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Being a One to One

Sam is an actor, director and general theatre enthusiast who works with Protocol Education as a teaching assistant in London.

For the past six weeks he has been working on a one to one basis with a Year Four students at a primary school in East London. Although, Sam has a great deal of experience working in this way, this has been the most sustained and continued one to one position he has held, and it has taught him a great deal about working as a one to one; the frustration and the satisfaction!

In his latest blog, Sam would like to explore and share his discoveries, and hopefully give some insight into what can be an incredibly rewarding role. 

Being a One to One

The young man I was brought into the school to work with was struggling at school, having only recently joined.  Having moved home and school numerous times, including schools in other countries with very different education systems, he had large gaps in his knowledge, and was scrambling to keep up with new rules, expectations, and most of all, new people.  Whenever he failed to understand something in class, or felt some sort of injustice had been served to him, he would make poor behaviour choices.  This coupled with a temper problem ensured that he often found himself outside the head teacher’s office.  It has been my role to ensure that the gaps in his knowledge are slowly filled, and that he finds a way of being in class without negatively affecting other students learning.  This is what I have learnt so far.

I’m a Teacher First, a Friend Second

Teacher first, friend second: this wisdom runs throughout the education system but it rears its head perhaps most predominantly when undertaking a one to one role.  When I first met the student I’ve been working with he was coming under fire from every angle, he was in trouble with his teacher, his assistant head teacher, his head teacher and his mum.  My solution was simple; I’m going to offer him the opposite.  I’m not going to judge him, I’m not going to tell him off, I’m going to be friendly, and I’m going to allow him to make mistakes, in both his work and his behaviour.

This approach worked initially, and although I was far from his best friend, he tended to react well to somebody who allowed him to go about his work in his own way, who could teach him things he hadn’t understood in class.  As time went on, however, and as we moved from outside of the classroom and back into working with his fellow classmates, I realised I hadn’t laid an initial foundation of authority, and this affected my interaction with him in a busier classroom environment.  Teacher authority seems to be something that can be regained but it is definitely easier to establish that as early as possible.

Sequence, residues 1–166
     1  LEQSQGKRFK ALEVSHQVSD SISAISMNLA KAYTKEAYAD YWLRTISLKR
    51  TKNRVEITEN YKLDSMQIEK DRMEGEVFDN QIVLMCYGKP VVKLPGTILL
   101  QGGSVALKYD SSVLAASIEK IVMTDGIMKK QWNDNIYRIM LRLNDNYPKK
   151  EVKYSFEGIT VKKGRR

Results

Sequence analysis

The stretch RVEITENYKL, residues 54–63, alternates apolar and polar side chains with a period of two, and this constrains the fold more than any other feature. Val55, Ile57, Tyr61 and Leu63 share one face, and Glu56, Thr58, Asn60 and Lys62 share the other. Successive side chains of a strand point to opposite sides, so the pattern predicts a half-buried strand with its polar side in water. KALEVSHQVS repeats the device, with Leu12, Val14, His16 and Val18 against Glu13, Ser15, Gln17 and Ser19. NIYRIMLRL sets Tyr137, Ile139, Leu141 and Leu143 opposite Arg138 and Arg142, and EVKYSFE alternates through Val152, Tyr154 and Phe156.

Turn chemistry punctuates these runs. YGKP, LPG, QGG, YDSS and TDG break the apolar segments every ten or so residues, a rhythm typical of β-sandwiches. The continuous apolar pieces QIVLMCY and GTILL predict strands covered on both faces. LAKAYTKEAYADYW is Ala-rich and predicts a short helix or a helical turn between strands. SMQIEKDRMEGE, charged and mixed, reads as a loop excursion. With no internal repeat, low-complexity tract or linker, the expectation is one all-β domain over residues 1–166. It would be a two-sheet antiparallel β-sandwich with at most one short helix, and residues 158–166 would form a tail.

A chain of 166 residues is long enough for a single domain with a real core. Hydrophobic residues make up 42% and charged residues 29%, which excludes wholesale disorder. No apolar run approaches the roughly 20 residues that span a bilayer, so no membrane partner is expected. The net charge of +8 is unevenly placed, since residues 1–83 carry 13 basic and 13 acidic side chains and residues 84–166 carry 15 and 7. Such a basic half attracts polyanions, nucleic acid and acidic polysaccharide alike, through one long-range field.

Use Rewards Wisely

The school in which I have been undertaking this work has a well-structured approach to rewards.  Fruit, small gifts, stationery, time on a laptop and extra playtime all act as incentives for children to complete their work, to behave well, and to follow the school rules and for me a reward system helped greatly.  If you complete this work, in this timeframe, I will let you play a game.  If you behave sensibly in this lesson, you can go out to break slightly early.  What I realised quickly, however, was that I could use this system to coax my student back into his classroom and back into learning.

Where rewards started as dried fruit and Internet maths games, they soon became time in the class with his friends.  It soon became clear that the greatest reward for him was to be a regular member of his class, to not have to work with me on his own, and to be accepted by his teacher and his peers.  Although I’m sure this feeling was always in him somewhere it take a well-structured reward system to make him realise, and it was this reward system that I found hugely useful.

Read Sam's other blog Makaton - Using Drama in Education.

Want to work with special educational needs? Find out more here.

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Tags: SamC, teaching-assistant, SEN, LSA, LondonSEN, LondonEast, support, chances, rewards, behaviour

Category: Australian Teachers


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